Thankfully, there are enough competitive modes to almost make up for the lack of co-op play. Online, you're restricted to just racing, but because that is the best element of All-Stars Racing, it doesn't feel too limiting. Eight players can compete at one time, and you have the option to allow computer drivers or banish them from the track. Toggling items or rubberbanding on or off is also an option, so you can keep things hectic or make sure that skill is the sole determining factor. Sadly, there is no way to set up a Grand Prix of your own, so you're stuck with a series of one-off matches. The four-player split-screen mode works in much the same way, and in addition to races it supports a number of different battle modes. There is King of the Hill, Capture the Chao, and a few others, but they aren't all that fun. The items lack impact, so these modes feel like minor diversions rather than something meaty. All-Stars Racing is at its best when you're striving for the checkered flag, and the competitive races do a great job of bringing this excitement to the forefront.

The final piece that ties this great experience together is the impressive visuals. The courses are jam packed with details, some of which you’re unlikely to notice until you’ve raced them many times. The Samba De Amigo levels are overflowing with chaotic images. Cardboard-cutout suns smile down at the player, wooden kiosks line the track, and every inch is bursting with vibrant colors. Every course follows a similar mindset, packing the environment with so many little touches and nostalgic imagery that longtime Sega fans will swoon with delight. All of this detail does hinder the frame rate a bit, though. During particularly hectic sections, the game will stutter at times, though it's not enough to ruin your chance at victory. This is more noticeable on the PlayStation 3, especially online, but it ultimately isn't a huge deal. The game usually runs smoothly despite having so many elements burst off the screen, and the fancy graphics do a fine job of tying this entire package together.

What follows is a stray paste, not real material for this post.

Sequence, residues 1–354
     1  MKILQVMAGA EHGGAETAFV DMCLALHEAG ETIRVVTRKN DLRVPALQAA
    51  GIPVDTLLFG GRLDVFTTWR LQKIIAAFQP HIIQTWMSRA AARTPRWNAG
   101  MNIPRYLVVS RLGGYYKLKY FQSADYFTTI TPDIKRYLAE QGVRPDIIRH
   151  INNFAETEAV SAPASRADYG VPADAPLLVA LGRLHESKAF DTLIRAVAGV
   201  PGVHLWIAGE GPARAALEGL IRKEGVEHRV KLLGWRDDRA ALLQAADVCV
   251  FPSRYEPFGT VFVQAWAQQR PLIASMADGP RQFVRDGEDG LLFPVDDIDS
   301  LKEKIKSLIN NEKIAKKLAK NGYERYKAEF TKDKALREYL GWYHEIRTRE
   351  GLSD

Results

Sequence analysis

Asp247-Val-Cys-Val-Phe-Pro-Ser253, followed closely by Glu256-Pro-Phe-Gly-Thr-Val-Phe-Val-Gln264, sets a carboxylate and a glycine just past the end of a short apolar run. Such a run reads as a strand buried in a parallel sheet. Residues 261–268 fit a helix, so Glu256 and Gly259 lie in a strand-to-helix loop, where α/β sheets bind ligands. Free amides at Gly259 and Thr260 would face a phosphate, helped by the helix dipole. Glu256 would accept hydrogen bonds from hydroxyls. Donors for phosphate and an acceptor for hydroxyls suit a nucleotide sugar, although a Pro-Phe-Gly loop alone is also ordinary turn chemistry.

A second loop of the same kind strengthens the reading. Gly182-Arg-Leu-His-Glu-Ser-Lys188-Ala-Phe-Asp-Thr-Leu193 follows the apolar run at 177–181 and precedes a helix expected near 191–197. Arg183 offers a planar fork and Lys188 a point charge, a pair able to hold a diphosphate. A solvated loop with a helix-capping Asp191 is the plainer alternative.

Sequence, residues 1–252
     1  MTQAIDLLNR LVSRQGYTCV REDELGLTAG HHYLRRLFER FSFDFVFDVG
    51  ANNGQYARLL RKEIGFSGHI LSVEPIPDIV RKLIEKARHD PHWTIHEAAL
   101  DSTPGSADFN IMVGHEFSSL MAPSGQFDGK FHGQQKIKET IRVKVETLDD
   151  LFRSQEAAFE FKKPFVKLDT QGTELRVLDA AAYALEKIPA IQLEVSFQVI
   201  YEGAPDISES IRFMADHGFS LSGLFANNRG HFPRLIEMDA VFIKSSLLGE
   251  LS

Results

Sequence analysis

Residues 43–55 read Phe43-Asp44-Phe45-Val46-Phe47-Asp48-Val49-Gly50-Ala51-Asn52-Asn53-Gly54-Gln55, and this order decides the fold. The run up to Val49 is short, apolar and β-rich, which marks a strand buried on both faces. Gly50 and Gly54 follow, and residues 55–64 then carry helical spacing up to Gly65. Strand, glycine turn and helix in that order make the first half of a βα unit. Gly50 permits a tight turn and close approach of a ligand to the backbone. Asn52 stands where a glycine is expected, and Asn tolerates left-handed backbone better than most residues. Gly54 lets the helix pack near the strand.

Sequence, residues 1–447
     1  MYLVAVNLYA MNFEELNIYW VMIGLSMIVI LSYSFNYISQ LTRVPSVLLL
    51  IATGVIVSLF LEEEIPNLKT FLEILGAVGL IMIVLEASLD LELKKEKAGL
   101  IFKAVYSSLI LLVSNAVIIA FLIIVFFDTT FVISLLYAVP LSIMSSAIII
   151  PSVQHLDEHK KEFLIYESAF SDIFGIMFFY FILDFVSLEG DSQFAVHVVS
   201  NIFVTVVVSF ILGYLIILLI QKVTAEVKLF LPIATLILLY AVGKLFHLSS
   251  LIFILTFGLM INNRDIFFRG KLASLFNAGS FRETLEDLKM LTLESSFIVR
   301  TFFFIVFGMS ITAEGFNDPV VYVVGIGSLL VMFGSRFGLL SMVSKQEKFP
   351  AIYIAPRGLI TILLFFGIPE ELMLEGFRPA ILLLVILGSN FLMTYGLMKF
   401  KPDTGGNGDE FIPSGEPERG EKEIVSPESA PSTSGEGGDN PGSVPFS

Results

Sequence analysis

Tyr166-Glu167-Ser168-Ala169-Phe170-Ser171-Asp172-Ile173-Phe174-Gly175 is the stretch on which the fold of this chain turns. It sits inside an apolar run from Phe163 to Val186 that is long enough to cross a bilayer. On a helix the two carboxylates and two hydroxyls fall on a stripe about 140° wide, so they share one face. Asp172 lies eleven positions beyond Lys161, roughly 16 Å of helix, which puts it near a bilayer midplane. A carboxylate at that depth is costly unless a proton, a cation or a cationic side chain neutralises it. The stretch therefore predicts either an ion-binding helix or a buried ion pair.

Eggman vs. Sonic one more time.
Eggman vs. Sonic one more time.

Although the core of Sonic & Sega All-Stars Racing is obviously pulled straight out of Mario Kart, this wacky racer can stand on its own four wheels. The tight controls and excellent track design ensure that head-to-head competition is always exciting, but it's so fun just to play around with these karts that it’s easy to lose hours climbing the online leaderboards in Time Trial mode. All-Star Racing may not push the genre forward in any meaningful way, but it builds so well on established themes that it doesn't even matter.

Back To Top

The Good

  • Tight controls with a great sense of speed
  • Well-designed courses with lots of variety
  • Good mix of characters, from the popular to the obscure
  • Racing against friends, online or offline, is a blast
  • Great visual style with a steady frame rate

The Bad

  • Online play is limited to just racing
  • No way to play through Grand Prix with a friend

More Platform Reviews

About the Author

Sonic & Sega All-Stars Racing

First Released Feb 23, 2010
  • Android
  • Arcade Games
  • DS
  • iOS (iPhone/iPad)
  • Macintosh
  • PC
  • PlayStation 3
  • Wii
  • Xbox 360

Sonic & Sega All-Stars Racing is a kart racing game featuring characters from the Sonic series as well as Samba De Amigo and Super Monkey Ball.


Average Rating

1146 Rating(s)

Content is generally suitable for ages 10 and up. May contain more cartoon, fantasy or mild violence, mild language and/or minimal suggestive themes.
Everyone 10+
Comic Mischief, Lyrics, Mild Cartoon Violence